As the title indicates this is part 3 in a series where I prove to you how little I actually know about developing applications in Node.js with a bunch of other stuff. If you would like to review the train wreck that has been this series please check out Building a Website with Node and a Bunch of Other Stuff, Part 1 and Building a Website with Node and a Bunch of Other Stuff, Part 2.
If, for some reason, you'd like to start with part 3, maybe the numbers 1 and 2 make you nervous, then here is the extremely quick start guide:
We're building an application with Node, Express, MongoDB, and Visual Studio Code. I have called it "Steaming". Steaming will be a blogging platform that prohibits editing (even backspace). To get caught up to this point do the following:
- Install Node.js, MongoDB, and Visual Studio Code
- Run MongoDB, i.e. mongod.exe
- Clone the Part 2 repo, i.e. git clone https://github.com/srakowski/steaming-pt2
- Change directories to the cloned repo, i.e. cd steaming-pt2
- Install dependencies, i.e. npm install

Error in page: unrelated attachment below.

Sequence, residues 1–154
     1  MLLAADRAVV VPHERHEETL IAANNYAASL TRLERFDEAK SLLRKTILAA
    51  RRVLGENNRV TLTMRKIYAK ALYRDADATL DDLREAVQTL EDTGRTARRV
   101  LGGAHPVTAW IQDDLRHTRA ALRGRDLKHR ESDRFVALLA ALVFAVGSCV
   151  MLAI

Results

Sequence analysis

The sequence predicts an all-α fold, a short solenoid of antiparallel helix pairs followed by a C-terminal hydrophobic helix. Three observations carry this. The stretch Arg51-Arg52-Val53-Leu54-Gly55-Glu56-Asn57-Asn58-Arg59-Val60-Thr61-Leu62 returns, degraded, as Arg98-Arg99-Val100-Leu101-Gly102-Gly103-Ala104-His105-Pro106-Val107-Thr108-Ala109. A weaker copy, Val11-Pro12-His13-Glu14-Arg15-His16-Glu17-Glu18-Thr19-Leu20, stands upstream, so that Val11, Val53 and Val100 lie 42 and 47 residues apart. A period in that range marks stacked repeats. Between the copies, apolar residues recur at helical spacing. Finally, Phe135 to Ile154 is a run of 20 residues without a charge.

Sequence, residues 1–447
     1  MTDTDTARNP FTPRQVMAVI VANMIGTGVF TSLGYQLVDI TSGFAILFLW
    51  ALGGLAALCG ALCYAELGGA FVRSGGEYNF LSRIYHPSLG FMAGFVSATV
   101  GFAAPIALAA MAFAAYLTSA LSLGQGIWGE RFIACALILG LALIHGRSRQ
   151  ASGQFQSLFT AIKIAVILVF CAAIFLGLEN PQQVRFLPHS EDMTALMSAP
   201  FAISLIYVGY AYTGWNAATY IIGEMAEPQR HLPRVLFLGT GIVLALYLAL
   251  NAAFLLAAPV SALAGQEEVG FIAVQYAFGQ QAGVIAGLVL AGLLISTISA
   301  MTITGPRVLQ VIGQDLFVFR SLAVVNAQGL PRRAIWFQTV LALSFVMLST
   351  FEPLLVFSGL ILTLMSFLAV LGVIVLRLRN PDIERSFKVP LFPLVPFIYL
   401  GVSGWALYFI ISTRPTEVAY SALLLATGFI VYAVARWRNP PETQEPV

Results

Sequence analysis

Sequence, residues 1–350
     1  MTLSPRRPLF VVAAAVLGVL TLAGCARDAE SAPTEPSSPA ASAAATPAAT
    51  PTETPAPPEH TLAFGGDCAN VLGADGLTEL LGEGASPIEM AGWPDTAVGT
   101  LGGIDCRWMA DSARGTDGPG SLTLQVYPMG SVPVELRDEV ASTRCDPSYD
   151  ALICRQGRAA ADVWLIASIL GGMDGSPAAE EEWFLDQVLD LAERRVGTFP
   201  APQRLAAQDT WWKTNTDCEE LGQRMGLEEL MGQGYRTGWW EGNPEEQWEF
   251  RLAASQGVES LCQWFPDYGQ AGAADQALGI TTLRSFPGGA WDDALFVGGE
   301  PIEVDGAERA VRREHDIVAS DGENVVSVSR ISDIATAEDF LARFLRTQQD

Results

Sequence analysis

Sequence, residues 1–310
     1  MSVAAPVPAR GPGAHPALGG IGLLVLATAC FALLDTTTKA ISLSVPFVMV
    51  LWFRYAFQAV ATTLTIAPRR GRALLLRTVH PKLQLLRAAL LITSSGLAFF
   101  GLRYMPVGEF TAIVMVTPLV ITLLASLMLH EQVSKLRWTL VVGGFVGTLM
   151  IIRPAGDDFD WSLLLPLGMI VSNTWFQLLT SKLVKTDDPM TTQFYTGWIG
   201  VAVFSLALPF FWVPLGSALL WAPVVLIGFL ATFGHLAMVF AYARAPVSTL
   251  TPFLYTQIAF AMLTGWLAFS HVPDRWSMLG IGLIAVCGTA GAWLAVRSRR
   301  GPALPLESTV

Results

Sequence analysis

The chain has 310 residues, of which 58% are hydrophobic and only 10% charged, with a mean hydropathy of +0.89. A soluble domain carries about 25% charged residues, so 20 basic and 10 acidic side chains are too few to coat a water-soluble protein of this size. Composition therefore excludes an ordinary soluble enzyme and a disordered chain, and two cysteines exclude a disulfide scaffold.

- Open folder in Visual Studio Code
- Press F5 in VSCode to run it
- Navigate to http://localhost:3000
Presto! You now have everything you need to work on this part of the train wreck. I am not sure why I didn't just skip to Part 3 to begin with... it would have saved a lot of typing.
In this installment I am going to add user accounts to Steaming using Passportjs. This should be fun...
The Mongoose Passport
When I started looking into building an application with Node and Express one of the first things I looked into was setting up user accounts. Most applications use some form of user accounts, and unlike my experiences with starting an ASP.NET project I wasn't provided this right out of the box. Searching around the internet for user authentication I found that Passport is one of the best.
Passport boasts an impressive array of authentication strategies for just about everything (not Microsoft for some reason). I want to keep things simple so I settled on the local, roll-your-own strategy as I am a glutton for punishment and I don't feel like walking you through setting something up with Twitter or Facebook.
We're using MongoDB and Mongoose for our persistence. As luck would have it someone already created a nice library to implement the Passport local strategy with Mongoose. That being said, let's get some NPM'ing out of the way...
npm install passport --save npm install passport-local --save npm install passport-local-mongoose --save npm install express-session --save
"passport" is the core package, "passport-local" is the strategy for local authentication, "passport-local-mongoose" is an implementation of the local authentication strategy using Mongoose. We also need the "express-session" path because... sessions.
Now to wire things up...
The User Model